The real thing behind the internet of things

We need to think beyond technology to get value the real value from the internet of things says Alicia Asin, the CEO and co-founder of Spanish sensor company Libelium.

Libelium and its CEO Alicia Asin has been covered previously on this blog and we had the opportunity to record an interview with Alicia at the 2013 Dreamforce conference.

Alicia told us about her vision for how she sees cities and governments evolving in an era of real time accessible information, in many ways it’s similar to where the Deputy Lord Mayor of Barcelona sees his city being at the end of this decade.

“I would say the biggest legacy the internet of things can bring is transparency,” says Alicia. “In the smart cities movement the IoT gives an opportunity for have a dashboard for cities.”

“You can see the investment made for reducing traffic investment downtown, the carbon footprint reduced and the return on investment,” says Alicia. “You can have very objective facts to supply to the citizens and they can make better decisions.”

For this vision to become true, it means government data has to open to the community which is something that challenges many administrations, however Alicia also told the story of how her company supplied Geiger counters to volunteers monitoring the radiation fallout around the damaged Fukushima nuclear reactor in Japan.

“We made a project in Fukushima when the nuclear accident happened where we sent some Geiger counters to the hacker space,” says Alicia. “Suddenly all the people with the Geiger counters started to publish the data onto the internet.”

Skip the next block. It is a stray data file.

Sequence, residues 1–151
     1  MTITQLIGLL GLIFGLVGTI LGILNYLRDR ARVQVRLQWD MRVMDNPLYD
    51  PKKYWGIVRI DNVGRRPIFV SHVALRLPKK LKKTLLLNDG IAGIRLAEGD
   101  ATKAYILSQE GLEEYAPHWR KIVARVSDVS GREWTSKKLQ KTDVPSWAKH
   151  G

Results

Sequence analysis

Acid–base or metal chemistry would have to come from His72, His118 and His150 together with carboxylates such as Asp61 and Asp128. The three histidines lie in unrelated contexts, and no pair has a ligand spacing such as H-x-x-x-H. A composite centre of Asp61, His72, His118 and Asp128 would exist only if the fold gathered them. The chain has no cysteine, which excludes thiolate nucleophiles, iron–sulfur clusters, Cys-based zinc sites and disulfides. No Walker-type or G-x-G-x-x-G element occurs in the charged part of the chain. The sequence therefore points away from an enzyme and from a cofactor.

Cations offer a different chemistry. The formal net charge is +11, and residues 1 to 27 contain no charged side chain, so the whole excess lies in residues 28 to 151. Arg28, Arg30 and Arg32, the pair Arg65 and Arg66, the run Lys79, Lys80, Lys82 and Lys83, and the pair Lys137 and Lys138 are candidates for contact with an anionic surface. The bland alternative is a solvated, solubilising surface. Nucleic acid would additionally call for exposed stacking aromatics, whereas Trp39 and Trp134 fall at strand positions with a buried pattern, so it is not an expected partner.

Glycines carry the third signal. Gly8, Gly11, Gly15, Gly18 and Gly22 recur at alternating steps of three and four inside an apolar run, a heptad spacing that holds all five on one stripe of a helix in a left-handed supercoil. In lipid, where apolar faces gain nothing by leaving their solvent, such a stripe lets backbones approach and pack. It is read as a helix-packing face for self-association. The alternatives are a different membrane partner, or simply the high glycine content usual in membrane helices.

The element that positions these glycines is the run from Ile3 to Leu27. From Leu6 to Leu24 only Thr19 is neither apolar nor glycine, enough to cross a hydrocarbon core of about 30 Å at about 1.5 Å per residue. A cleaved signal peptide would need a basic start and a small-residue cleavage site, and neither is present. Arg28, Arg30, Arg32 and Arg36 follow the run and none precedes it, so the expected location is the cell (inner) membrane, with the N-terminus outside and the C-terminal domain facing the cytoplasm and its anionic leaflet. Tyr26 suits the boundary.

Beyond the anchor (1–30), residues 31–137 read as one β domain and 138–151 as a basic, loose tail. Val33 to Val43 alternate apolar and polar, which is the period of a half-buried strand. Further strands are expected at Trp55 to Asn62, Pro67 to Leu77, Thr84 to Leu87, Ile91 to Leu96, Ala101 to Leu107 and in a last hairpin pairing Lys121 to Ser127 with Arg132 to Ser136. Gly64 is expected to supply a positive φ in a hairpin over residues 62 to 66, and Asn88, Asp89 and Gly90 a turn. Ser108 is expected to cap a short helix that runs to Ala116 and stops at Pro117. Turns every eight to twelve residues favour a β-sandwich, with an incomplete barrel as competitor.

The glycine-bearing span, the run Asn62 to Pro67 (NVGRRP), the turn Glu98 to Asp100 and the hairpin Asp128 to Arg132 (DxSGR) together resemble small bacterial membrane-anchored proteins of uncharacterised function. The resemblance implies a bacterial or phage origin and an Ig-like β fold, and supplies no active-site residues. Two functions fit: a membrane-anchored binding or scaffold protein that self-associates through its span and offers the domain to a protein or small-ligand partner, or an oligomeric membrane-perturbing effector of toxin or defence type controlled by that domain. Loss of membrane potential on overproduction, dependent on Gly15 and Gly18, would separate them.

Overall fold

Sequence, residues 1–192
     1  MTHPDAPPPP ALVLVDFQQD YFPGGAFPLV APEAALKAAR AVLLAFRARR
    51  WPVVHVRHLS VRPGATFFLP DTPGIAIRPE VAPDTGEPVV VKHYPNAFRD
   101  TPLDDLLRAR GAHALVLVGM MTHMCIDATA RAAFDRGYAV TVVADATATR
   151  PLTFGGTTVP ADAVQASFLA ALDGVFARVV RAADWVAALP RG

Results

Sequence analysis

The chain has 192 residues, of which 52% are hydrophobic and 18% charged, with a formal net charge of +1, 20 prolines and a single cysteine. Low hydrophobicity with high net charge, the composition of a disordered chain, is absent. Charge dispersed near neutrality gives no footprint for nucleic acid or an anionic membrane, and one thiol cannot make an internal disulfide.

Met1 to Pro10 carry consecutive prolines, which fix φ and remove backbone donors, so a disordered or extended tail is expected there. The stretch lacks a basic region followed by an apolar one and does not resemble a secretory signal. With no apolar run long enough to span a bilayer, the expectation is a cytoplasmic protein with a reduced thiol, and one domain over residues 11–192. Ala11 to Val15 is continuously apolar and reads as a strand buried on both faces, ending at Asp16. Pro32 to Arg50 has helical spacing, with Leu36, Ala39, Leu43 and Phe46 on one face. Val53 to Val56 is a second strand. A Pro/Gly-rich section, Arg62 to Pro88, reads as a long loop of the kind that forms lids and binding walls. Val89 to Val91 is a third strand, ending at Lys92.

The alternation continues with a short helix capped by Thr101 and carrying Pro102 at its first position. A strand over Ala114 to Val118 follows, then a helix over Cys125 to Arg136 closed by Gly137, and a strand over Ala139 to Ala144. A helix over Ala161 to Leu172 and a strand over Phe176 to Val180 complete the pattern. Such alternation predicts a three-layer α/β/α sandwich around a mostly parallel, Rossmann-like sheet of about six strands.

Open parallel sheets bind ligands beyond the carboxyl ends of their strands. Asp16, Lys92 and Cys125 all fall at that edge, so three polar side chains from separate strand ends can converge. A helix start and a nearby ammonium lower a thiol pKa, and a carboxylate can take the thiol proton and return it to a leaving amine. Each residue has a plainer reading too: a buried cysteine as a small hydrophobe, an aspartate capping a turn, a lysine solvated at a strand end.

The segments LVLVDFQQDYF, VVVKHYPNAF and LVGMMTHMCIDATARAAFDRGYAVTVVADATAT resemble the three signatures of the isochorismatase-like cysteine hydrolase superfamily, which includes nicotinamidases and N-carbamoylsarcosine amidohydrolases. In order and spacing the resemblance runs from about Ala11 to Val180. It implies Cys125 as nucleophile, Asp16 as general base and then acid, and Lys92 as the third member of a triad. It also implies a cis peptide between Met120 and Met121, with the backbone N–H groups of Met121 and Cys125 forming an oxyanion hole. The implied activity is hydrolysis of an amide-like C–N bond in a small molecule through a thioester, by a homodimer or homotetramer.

“They were keeping a totally independent radiation map made by the activist citizens.”

Alicia raises an important point of how citizens can be using technology independently of governments. This was most notable in the Occupy movements across the United States that sprung up in late 2011 where hackers set up independent communications networks and recorded events outside the control of mainstream media and government agencies.

While citizens can use these tools to get around official restrictions, governments play an important role in developing new industries around these technologies, Alicia sees the smart city investments made by Spanish cities as creating the start of a Spanish Silicon Valley.

“Despite the economy, we are seeing a number of projects in Spain around smart cities,” Alicia observes. “In fact, I’m saying Spain is becoming the Silicon Valley for smart cities.”

“In terms of attracting big companies to look at what’s going on in Spain and to build a bigger brand around the Internet of Things, I think that really helps.”

With government and citizens working together, Alicia sees the Internet of Things delivering great changes to society as it enables citizens and makes governments more accountable.

“It’s the real thing, it’s beyond technology.”

About the author

Paul Wallbank is the founding editor of Networked Globe and has nearly twenty years experience of working in and reporting on computers, the internet and the future of our connected society.